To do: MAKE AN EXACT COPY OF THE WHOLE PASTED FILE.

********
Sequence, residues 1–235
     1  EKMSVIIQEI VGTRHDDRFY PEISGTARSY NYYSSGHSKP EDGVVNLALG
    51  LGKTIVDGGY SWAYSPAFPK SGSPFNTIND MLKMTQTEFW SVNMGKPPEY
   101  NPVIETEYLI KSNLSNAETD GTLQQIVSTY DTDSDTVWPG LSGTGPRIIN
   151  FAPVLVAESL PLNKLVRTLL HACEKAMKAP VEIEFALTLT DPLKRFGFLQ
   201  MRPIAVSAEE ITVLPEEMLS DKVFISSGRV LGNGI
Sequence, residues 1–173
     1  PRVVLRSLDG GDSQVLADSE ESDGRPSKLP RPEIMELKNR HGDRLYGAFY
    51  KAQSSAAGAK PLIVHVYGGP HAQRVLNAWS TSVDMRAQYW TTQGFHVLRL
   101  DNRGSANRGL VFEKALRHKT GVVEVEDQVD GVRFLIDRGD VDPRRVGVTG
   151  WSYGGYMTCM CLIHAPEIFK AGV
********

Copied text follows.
Sequence, residues 1–235
     1  EKMSVIIQEI VGTRHDDRFY PEISGTARSY NYYSSGHSKP EDGVVNLALG
    51  LGKTIVDGGY SWAYSPAFPK SGSPFNTIND MLKMTQTEFW SVNMGKPPEY
   101  NPVIETEYLI KSNLSNAETD GTLQQIVSTY DTDSDTVWPG LSGTGPRIIN
   151  FAPVLVAESL PLNKLVRTLL HACEKAMKAP VEIEFALTLT DPLKRFGFLQ
   201  MRPIAVSAEE ITVLPEEMLS DKVFISSGRV LGNGI
Sequence, residues 1–173
     1  PRVVLRSLDG GDSQVLADSE ESDGRPSKLP RPEIMELKNR HGDRLYGAFY
    51  KAQSSAAGAK PLIVHVYGGP HAQRVLNAWS TSVDMRAQYW TTQGFHVLRL
   101  DNRGSANRGL VFEKALRHKT GVVEVEDQVD GVRFLIDRGD VDPRRVGVTG
   151  WSYGGYMTCM CLIHAPEIFK AGV